As I said a week ago, having reread Jack Kirby’s Fourth World saga, I wanted to write a post about how the stories held up almost five decades later. So here it is. With the caveat that as Kirby wasn’t able to finish them, any assessment is probably a little distorted. New Gods, for instance, spent #9 and 10 of an eleven-issue run focusing on Forager, a new character. It’s a jarring break with the main arc, but if the book had run another 30 issues (or whatever Kirby’s vision was) it might have fitted together better.
New Gods was the core of the Fourth World, focusing on the New Genesis/Apokolips war, and on the mightiest warrior of New Genesis, Orion. Born on Apokolips as Darkseid’s son, he’s a savage killing machine, his savagery restrained (most of the time) by years of training on New Genesis. Prophecy says Orion will end the war, one way or another, by a final battle against his father; he’s ready to take the fight to Darkseid now. Aiding him in his fight is the gentle, more strategic Lightray.
Orion is a raging elemental force and the battles are spectacular. Kirby does a nice job with the humans caught in the middle (including several who would probably have played a recurring role if it had continued) too (he’d do even better on his later Eternals at Marvel).
My favorite, though, remains Mister Miracle. Scott Free, son of Highfather of New Genesis, grew up on Apokolips but rebelled and fled. Arriving on Earth, he fell in with Thaddeus Brown, the legendary escape artist Mr. Miracle. When a mob boss kills Brown to avoid paying off a bet, Scott steps into his role. For a man fleeing imprisonment, it’s a natural step, but Apokolips doesn’t let go easily …
Not only is the escape artist angle a great hook (inspired by comics creator and escapologist Jim Steranko) — and who doesn’t love that line “He cheats death! He defies man! No trap can hold him!” — but in place of Orion smashing monstrous adversaries, Scott gets some colorful, strange foes: Granny Goodness, Doctor Bedlam, Virman Vundabar, Kanto. And a stunning ally in the beautiful Big Barda, another refugee. Mister Miracle ran long enough to wrap up the initial arc — Scott returns to Apokolips and wins his freedom — and then, after New Gods got the axe, settled for less imaginative crimefighting stories. It makes me wonder what Kirby had in mind if it had lasted.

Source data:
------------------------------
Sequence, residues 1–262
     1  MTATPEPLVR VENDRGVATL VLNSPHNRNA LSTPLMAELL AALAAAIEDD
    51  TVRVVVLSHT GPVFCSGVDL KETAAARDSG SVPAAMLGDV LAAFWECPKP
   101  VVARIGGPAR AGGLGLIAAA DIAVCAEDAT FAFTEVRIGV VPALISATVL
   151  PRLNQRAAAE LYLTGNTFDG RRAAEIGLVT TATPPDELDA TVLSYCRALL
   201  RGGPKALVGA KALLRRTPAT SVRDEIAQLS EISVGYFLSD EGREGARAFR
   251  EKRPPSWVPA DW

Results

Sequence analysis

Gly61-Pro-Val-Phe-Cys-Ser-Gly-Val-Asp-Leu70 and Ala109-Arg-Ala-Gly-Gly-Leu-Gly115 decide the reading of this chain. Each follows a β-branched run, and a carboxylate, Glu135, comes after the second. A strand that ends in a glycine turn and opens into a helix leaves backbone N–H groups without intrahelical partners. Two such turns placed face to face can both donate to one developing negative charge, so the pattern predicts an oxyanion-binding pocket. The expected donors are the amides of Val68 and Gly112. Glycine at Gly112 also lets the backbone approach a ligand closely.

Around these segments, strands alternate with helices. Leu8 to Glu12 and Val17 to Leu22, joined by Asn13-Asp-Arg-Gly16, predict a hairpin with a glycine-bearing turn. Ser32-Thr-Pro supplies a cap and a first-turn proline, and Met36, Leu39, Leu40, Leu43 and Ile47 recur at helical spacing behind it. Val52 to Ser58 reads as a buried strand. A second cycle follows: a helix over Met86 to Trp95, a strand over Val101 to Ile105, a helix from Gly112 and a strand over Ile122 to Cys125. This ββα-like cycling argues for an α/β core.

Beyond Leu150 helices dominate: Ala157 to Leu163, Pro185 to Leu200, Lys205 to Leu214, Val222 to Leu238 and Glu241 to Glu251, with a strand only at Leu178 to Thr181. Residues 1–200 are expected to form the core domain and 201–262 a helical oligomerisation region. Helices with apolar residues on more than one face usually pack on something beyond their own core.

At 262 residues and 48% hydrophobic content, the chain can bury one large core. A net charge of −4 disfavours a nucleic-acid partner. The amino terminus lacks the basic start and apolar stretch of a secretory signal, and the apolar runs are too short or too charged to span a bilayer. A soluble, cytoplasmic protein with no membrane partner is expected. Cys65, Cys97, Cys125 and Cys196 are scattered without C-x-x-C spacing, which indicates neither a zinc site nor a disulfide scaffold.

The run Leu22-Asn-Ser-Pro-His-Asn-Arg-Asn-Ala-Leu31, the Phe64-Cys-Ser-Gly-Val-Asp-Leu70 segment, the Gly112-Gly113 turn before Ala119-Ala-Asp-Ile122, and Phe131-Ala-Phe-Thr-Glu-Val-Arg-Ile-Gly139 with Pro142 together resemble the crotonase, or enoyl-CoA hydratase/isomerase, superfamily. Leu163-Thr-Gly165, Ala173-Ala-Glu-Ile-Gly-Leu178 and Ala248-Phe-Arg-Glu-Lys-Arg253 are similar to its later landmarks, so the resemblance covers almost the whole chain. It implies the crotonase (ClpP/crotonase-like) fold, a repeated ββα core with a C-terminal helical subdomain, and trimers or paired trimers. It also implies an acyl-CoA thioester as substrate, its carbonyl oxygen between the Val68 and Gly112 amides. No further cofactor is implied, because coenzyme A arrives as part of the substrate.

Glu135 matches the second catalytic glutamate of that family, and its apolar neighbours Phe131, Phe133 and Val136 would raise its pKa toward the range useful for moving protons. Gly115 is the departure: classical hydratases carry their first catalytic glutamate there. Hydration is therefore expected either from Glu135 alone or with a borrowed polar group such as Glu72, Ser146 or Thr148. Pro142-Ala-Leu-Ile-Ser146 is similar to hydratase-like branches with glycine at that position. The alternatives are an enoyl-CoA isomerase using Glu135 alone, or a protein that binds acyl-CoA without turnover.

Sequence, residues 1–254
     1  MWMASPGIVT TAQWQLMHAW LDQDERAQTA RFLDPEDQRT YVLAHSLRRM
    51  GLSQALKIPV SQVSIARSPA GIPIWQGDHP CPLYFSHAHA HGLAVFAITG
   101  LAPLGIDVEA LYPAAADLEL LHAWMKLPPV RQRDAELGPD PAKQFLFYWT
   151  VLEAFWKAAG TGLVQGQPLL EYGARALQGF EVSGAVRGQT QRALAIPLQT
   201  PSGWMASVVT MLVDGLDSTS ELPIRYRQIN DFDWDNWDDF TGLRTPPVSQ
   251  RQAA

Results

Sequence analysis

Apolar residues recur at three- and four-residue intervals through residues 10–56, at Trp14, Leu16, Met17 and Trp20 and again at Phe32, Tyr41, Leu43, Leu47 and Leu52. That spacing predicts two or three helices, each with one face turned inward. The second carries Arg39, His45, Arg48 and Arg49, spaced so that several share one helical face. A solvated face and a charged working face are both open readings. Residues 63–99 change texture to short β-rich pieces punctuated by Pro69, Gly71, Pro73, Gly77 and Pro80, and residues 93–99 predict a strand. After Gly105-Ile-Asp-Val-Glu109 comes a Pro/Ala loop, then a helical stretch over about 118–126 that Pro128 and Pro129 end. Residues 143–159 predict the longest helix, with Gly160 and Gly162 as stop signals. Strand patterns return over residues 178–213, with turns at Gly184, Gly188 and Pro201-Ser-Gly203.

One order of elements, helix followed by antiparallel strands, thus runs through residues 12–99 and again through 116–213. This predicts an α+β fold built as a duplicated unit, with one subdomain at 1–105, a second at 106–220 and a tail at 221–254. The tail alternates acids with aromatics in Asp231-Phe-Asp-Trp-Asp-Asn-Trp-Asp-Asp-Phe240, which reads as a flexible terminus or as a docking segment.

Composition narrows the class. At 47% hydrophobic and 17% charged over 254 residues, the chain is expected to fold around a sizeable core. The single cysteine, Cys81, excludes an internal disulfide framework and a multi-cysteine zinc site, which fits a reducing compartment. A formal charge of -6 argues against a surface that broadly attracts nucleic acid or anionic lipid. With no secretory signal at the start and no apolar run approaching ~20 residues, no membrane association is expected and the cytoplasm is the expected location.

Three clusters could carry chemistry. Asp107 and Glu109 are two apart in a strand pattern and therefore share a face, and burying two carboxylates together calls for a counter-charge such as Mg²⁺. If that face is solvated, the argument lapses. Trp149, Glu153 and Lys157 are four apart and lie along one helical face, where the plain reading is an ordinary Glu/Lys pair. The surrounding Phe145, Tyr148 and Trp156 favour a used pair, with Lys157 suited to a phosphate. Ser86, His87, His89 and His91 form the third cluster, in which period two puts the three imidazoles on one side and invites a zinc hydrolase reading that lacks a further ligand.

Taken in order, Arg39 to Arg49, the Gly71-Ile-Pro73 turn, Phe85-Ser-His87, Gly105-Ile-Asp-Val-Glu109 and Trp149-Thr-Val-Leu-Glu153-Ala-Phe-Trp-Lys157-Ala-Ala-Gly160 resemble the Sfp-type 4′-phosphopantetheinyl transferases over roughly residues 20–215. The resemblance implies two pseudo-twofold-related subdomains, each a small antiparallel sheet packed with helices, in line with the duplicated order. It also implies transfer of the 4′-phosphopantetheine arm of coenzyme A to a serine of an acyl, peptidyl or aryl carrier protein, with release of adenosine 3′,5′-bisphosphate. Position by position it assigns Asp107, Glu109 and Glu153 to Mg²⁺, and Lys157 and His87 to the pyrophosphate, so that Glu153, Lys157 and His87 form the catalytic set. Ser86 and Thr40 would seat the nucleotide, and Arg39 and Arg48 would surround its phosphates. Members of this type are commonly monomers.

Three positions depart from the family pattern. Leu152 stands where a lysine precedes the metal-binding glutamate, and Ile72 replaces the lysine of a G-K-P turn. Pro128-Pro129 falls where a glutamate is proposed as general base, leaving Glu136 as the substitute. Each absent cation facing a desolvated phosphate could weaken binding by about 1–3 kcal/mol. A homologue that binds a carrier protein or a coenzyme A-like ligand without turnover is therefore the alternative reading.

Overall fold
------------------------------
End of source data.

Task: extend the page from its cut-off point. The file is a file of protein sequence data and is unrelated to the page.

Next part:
Forever People as I’ve mentioned before, is weaker than its siblings. Where Mr. Miracle is actively trying to stay free, the Forever People are hippies, just content to drift (though of course that doesn’t really work out). It does, however, make the strongest use of Kirby’s free will/anti-life conflict, which forms the background of the initial arc. Like Mister Miracle the characters have an unnatural familiarity with Earth culture, from vaudeville to the Lincoln assassination.
Last, and definitely least, was Kirby’s brief and reluctant run on Jimmy Olsen. This is only marginally connected to the rest of the mythos. While Darkseid’s lurking in the background, most of the book focuses on SF stories about cloning and genetic engineering, as well as bringing back Kirby’s Golden Age characters (co-created with Joe Simon), the Guardian (a clone of the original) and the Newsboy Legion (the originals now grown, with their kids stepping up to have new adventures). It’s fun for the most part, and some wildly imaginative visuals, but the adventures largely sidelined Jimmy in his own book.
I definitely gained by reading them in original publication order, as the characters and concepts cross between the different series. If I had to pick just one — Mister Miracle all the way.